Guatemala (MNN) — Today is the International Day for the Elimination of Racial Discrimination, created in 1966 by the United Nations to address social injustices based upon race. While many might see racism as an issue of skin color or ethnicity, Gary Edmonds of Food for the Hungry says marginalization often takes place within people groups based upon heritage and gender — and he believes faith and dignity are core to restoring hope.
Take a Listening Posture
Food for the Hungry’s work in Guatemala includes serving indigenous people groups. Extreme poverty and isolation take their toll in malnutrition, lack of education, and limited access to employment. He says ministering to these people begins by listening.
“In the strategy of Food for the Hungry, when we go into a village, we don’t simply just walk in and say, ‘We’ve got the solutions or we’ve got foodstuffs and we’re willing to help you.’ We go in and say, ‘We want to walk with the community.’ We go in with a listening posture. ‘Let us get to know you, let us hear your story.’ We walk people through a process whereby we say, ‘Let us get you get in touch with your own history, get in touch with your own story,’ and so we raise the dignity of these people.
“We’re able to go into those places and communicate that foundation to all people is that you are an image-bearer of God, you are created in the image and likeness of God. We start with that as a foundational truth, a foundational principle. ‘You are of inestimable value and worth, and therefore we want to listen to you, we want to relate to you, we want to hear your story.'”
Edmonds says he has often heard from community leaders that they have felt ignored by their own country. At the end of one of his visits to a community, he asked, “’Tell me from your perspective, what’s the most significant thing we have done for you?’ Those in the group began to cry, ‘Because we now realize that, by your very presence, we matter to God, that God has heard our cry. We are not simply people who have been oppressed.’ When we talk about people who discriminate against others — against tribal groups, discriminate against gender, native people in a community — is that those kinds of people get diminished in value. Food for the Hungry is saying, ‘No, we’re going to raise your dignity.’”
Focus on Hope
One of the things monitored by Food for the Hungry as they minister to communities is hope. Edmonds says hope levels are evaluated prior to beginning a program. “How do they self-identify? How do they see themselves? Do they see themselves as people of worth, of value, of dignity? Do they see themselves as people who can become change-agents in their own environment?” After work as been established within that community, hope is measured again. Without fail, that hope rises dramatically.
Edmonds continues, “I was in one community where the hope level was between 0-20, and only two years later, it rose to 40-60 on the scale of how they viewed themselves as a valuable people who are loved by God and are significant in their nation.”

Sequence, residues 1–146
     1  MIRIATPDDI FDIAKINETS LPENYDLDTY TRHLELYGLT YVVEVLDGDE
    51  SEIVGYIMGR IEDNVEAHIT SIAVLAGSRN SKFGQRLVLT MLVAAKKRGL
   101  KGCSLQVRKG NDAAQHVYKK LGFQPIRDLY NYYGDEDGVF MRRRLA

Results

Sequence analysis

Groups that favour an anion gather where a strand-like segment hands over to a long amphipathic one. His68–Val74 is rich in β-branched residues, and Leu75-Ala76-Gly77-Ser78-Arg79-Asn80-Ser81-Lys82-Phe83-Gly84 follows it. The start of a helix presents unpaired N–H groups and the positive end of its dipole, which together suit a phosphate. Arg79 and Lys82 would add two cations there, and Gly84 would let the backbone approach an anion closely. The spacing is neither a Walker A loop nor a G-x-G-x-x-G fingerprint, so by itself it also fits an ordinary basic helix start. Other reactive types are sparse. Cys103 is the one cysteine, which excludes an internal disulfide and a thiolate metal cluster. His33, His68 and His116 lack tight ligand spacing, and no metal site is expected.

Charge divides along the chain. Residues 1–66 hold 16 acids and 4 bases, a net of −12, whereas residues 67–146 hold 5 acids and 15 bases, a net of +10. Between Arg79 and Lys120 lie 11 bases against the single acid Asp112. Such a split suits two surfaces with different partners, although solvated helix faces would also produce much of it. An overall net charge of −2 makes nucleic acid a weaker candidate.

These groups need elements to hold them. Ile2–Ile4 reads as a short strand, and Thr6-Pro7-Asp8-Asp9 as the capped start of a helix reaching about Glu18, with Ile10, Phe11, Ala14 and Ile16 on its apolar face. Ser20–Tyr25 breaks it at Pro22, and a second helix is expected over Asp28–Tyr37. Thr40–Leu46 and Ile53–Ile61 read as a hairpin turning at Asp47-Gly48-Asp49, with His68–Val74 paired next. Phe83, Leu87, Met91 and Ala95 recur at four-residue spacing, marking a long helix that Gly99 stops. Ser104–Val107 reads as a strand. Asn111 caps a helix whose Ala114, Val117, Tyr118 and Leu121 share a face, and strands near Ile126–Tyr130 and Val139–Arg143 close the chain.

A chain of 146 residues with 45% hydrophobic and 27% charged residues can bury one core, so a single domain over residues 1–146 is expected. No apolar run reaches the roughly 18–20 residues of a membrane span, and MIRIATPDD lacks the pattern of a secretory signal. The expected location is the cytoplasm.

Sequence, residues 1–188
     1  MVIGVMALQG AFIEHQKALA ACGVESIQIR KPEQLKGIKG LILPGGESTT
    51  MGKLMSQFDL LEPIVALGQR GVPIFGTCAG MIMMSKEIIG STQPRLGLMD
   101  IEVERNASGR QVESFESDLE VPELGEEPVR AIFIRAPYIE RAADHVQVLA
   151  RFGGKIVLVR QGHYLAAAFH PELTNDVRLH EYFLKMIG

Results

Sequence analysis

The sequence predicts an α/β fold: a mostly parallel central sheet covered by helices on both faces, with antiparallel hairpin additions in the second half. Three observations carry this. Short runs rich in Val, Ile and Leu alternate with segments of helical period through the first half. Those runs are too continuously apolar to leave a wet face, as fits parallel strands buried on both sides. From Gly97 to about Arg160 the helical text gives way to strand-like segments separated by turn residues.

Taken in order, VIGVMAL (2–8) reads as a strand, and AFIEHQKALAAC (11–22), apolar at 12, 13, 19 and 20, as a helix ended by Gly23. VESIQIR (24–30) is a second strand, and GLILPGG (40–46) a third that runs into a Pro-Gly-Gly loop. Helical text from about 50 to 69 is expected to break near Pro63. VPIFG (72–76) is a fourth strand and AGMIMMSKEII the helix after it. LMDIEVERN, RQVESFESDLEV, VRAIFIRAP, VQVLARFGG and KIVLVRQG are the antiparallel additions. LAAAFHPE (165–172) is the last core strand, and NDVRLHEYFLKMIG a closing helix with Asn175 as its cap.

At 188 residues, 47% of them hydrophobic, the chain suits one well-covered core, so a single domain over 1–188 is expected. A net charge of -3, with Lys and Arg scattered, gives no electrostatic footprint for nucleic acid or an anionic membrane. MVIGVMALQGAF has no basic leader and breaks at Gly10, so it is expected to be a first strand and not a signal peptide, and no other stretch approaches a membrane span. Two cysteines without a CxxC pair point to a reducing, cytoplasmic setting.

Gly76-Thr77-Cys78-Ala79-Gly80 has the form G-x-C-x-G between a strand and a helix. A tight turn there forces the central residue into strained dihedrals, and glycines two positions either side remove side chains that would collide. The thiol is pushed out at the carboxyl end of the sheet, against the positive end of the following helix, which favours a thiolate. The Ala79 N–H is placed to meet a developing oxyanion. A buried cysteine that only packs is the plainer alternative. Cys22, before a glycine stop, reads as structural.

The struggle with discrimination is global, and Food for the Hungry’s work focuses on its elimination in every country it serves. For centuries in the remote Indian village of Madhya Pradesh, daughters have been sent into prostitution to provide for their families. Revealing true worth to those families has included providing education and job skills training to the girls.
“These are boarding schools, so they’re being trained, they’re being loved, they’re being cared for,” says Edmonds. And the work doesn’t stop there. Parents are taught to envision more for their children so the cycle of abuse and poverty may be broken. “That’s helping hope to rise in new dynamics.”
Hundreds of the girls are now professing faith in Christ because of the care they are being provided.
Edmonds says true care is a holistic response. “It looks at the physical, the social dynamics, but it also clearly looks at the spiritual dynamics of one’s life. When we talk about the elimination of racial discrimination in our world, I am very conscious of the fact that communities of people and nations of people will go no further, rise no higher, than the level of love and trust they have with one another. And so it behooves us to push back against all forms of discrimination, we need to be change-agents against any form and all forms of discrimination.”
If Edmonds could share only one message to believers about addressing discrimination, he says it would be this: “The world many times is fueled by fear. And I think discrimination gets repeated and passed from generation-to-generation by fear. But Jesus has told us over and over again to live by faith, and in that faith to love our neighbor as ourself. And so as we see people who are different than us — whether that’s skin color or tribal or ethnic group or it’s a different gender — I think what Jesus would be saying to us is, ‘Don’t be motivated by fear.’ As you enter into these relationships, get to know these people by name, and let God use you to raise the level of hope and dignity through your loving people who otherwise would be the marginalized of our society.
“Get to know the people by name, don’t live motivated by fear, but live by faith, and enter in.”
Join Food for the Hungry in their efforts to eliminate all forms of human poverty – including marginalization and oppression.